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5 thoughts on “The People Leaving Their Pets To Die In The Cold Probably Didn’t See That Social Media Post Telling Them Not To Do That”
My cat is an indoor/outdoor cat, which has it’s pros and cons. But she reallllly hates being outside at night… it makes her scared. But because of my parents she has to go outside at night.
Here’s something many if not most people don’t know, and it’s worth sharing far and wide. Having a law saying leaving a dog in the cold is neglect may be helpful, but often the catch is that the laws will say something like “without food, water, and shelter.” But the HUGE problem is that if a law doesn’t adequately (or at all) define what “shelter” is, it’s useless. Just this past week in the county I live in (in NC) there was a news story about 3 dogs being chained out in the cold. But they had shelter—some kind of an open box without even a wind flap, and no bedding. But nothing better is defined in the law. And the water was frozen so unusable, but again, not actionable I gather. So the law isn’t specific enough to avoid animal suffering. Change the law? Sounds like a great idea. But the culture here, and the hunting lobby, has so far opposed even an amendment regulating chaining. And neighbors interviewed in this case pointed to the bowls and box as indications that the animals were ok and there was no problem. So everyone needs to look at what their local laws/state laws actually say, if there’s an adequate definition of what food/water/shelter really means. Betting most will find the language is inadequate and in many cases useless. From there, it can be a long road to get anything changed. It depends on the politics, strength and ability of local animal groups, and so many factors. Not impossible—but a couple decades ago it took several of us a couple of years to get a good, tough, definition of shelter into IL law, and at the time, it only pertained to dogs put out in car lots and other commercial places as guard dogs—IL/IN had some really awful rent-a-dog companies that put dogs into lots at night in all kinds of weather and even if the dogs were in bad condition. Anyway, at the time, “shelter” was still barely defined in the general animal laws. Don’t know if it’s still the case. But what the law actually says is critical in whether animal control/law enforcement even CAN do anything. But that’s why looking at, and sharing, awful pictures can actually be useful. Because if your get your community outraged, that can translate into your representatives becoming more sensitized because their constituents are on the warpath. If politicians don’t feel any pressure, chances are most of ‘em aren’t going to do anything. So share any photos (especially from your own locality if you have them) on your rep’s websites, send to media, send to your town/city/county/state politicians. gotta make some noise.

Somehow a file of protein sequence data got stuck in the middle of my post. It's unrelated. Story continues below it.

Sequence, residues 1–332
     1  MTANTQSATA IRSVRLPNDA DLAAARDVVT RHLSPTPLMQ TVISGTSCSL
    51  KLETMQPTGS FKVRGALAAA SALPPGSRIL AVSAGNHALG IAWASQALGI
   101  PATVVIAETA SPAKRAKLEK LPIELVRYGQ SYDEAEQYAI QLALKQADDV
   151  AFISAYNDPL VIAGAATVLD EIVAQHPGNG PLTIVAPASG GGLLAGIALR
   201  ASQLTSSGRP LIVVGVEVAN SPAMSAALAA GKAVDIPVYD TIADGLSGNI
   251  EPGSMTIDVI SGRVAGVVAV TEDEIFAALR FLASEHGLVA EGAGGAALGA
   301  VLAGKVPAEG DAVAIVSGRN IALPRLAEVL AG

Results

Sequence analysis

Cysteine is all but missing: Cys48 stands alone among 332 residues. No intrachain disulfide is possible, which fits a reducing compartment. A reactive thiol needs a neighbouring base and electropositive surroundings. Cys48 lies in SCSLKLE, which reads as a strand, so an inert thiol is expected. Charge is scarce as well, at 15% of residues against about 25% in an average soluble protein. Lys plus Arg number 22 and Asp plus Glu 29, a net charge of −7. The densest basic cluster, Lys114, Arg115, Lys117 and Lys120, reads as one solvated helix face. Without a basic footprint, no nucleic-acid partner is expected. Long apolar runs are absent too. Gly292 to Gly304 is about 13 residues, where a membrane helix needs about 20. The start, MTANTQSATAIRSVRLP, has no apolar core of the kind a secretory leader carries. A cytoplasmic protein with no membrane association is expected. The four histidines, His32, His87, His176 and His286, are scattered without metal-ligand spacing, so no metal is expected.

Thank you. I just copied and pasted your post onto my FB page. This is so much better to share now that they have seen examples
I can’t even believe that anyone can see another living being, and not know that that spirit, is ALIVE, FEELING, and is as cold and hot as a freaking person! And humans are supposed to have Free Will. What are these babies to do, if not for Humans? I’ll stop now, because sometimes I hate being a human. Sorry.
Thanks Rachel. Well said. I hope everyone helps!!🐕🐶